Editor’s Note: This review will contain light spoilers for Xenoblade Chronicles 1, 2, and 3.
Recently, our Reviews Manager joked that I decided to score Xenoblade Chronicles 3: Future Redeemed a 100 before I downloaded it. He’s not far off.
I’m going to be upfront: there’s no way I can be objective about Xenoblade Chronicles 3: Future Redeemed. Really, objectivity is a silly thing to aim for anyway. It’s impossible to boil down any media to just numbers and facts; anyone who says otherwise is just fooling themselves. It would be especially silly to attempt this with the Xenoblade Chronicles series. These games are fundamentally about humanity: the communities we form, the importance of our experiences, and the philosophies underpinning those notions. It doesn’t want us to be objective about these people and their stories.
As a denouement to the entire ‘Klaus saga,’ Future Redeemed brings characters together from the communities across the series and plays on our investment in those stories. Needless to say, if you loved the rest of the series, I’m confident you will love Future Redeemed for its fun callbacks and beautifully refined gameplay. You won’t be objective. It’s brilliant, even if it doesn’t quite live up to the rest of the series in some respects.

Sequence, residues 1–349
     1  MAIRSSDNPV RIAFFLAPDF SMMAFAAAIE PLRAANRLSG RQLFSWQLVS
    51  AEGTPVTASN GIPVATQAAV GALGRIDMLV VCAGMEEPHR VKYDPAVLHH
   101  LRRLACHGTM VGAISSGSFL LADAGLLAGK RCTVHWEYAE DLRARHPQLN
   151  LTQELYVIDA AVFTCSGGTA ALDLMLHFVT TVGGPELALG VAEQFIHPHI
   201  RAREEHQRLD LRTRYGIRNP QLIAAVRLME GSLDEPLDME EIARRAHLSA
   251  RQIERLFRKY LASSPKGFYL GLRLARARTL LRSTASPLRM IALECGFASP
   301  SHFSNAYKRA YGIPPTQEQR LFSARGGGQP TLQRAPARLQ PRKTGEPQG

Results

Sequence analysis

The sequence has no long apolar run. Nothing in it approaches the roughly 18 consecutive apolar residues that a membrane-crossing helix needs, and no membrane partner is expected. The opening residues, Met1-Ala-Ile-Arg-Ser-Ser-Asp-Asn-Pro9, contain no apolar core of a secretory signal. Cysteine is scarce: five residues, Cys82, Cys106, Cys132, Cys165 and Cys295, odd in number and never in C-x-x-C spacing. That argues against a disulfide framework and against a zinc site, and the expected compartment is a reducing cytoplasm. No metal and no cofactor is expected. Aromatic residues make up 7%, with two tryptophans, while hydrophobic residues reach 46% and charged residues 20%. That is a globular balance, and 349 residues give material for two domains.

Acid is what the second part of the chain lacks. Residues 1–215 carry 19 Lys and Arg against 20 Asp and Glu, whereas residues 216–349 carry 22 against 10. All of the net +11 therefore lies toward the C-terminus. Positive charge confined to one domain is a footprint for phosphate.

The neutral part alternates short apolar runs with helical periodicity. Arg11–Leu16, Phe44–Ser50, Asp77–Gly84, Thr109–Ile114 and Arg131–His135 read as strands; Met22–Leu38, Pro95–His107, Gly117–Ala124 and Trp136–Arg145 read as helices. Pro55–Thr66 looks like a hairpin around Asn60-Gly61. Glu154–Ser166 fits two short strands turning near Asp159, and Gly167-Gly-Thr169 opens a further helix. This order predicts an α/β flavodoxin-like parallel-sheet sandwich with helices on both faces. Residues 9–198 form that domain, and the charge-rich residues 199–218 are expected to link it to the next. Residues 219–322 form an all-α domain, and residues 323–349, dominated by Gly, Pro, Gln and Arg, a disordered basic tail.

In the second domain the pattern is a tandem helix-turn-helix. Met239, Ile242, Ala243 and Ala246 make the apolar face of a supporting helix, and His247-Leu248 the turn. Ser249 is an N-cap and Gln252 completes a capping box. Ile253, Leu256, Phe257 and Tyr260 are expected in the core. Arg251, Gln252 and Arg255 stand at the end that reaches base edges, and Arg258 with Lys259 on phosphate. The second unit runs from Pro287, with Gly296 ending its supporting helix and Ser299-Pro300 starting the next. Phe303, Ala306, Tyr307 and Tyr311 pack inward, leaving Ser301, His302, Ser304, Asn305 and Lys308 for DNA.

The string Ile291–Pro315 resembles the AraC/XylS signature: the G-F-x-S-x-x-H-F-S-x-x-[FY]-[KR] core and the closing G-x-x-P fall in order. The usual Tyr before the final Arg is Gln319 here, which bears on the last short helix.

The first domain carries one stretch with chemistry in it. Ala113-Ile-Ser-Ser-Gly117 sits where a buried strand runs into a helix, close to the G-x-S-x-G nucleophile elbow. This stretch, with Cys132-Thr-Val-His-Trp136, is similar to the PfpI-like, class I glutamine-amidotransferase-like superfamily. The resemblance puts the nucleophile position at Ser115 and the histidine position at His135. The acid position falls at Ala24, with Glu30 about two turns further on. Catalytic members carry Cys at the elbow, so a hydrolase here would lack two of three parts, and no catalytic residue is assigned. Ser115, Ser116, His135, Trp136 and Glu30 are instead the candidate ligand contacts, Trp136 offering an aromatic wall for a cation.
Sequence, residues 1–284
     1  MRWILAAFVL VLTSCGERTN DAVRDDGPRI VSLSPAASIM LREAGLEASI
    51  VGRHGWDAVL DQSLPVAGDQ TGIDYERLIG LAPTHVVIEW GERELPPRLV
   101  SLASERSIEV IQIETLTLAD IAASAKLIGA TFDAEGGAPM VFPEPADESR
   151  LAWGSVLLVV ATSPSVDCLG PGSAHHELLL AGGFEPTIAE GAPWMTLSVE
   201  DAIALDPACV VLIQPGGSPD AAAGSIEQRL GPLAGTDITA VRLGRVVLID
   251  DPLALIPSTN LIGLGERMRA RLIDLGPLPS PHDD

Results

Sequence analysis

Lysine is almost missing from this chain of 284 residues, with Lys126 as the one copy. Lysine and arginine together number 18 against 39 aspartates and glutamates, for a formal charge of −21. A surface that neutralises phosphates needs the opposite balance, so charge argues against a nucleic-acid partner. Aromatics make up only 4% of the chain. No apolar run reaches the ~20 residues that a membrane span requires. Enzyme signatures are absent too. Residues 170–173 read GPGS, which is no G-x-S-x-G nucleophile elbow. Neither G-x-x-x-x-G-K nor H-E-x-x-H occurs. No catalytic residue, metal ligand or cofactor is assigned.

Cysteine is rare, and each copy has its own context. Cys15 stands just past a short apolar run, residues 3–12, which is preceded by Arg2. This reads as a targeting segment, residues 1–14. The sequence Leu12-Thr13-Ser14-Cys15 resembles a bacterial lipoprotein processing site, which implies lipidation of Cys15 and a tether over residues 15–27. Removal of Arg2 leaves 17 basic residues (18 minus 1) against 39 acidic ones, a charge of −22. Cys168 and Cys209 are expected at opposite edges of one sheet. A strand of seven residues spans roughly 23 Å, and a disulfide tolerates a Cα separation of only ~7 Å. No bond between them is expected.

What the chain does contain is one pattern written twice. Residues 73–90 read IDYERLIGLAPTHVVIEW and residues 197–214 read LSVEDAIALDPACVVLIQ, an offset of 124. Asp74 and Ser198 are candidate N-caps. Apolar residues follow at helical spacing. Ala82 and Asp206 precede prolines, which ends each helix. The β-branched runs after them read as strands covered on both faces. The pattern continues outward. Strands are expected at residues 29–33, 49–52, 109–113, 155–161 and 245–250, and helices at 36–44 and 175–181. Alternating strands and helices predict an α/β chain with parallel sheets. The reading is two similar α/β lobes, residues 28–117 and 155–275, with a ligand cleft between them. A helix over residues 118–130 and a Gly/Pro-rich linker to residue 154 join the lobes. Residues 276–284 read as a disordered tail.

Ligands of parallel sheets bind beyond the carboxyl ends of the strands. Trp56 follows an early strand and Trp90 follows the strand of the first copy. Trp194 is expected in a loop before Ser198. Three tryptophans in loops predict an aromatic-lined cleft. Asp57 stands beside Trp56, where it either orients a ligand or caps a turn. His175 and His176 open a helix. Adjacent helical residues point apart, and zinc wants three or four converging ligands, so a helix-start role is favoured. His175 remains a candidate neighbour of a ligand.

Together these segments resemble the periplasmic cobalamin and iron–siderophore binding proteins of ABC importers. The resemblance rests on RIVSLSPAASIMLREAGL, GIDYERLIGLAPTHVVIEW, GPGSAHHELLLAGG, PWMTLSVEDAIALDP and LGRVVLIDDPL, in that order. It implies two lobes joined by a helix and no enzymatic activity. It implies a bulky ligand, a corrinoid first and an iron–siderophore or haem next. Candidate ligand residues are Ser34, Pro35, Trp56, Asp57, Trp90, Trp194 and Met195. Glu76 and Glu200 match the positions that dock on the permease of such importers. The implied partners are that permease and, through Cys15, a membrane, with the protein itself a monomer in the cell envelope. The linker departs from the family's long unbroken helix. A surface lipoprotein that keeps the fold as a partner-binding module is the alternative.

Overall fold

If you haven’t played the rest of the Xenoblade series, you probably shouldn’t play Future Redeemed because it absolutely doesn’t work on its own. If you’ve only played Xenoblade Chronicles 3, you might still enjoy this DLC, but you lose much of what makes Future Redeemed a joy. In the very first scene, we see Shulk and Rex (the protagonists from 1 and 2) alongside Z, the main antagonist of 3, facing off against Alvis, a key character from Xenoblade Chronicles 1, as they argue about the future of humanity in Aionios, the setting for 3. Find any of that confusing? If not, you’re all set. If so, go back and play those masterpieces first.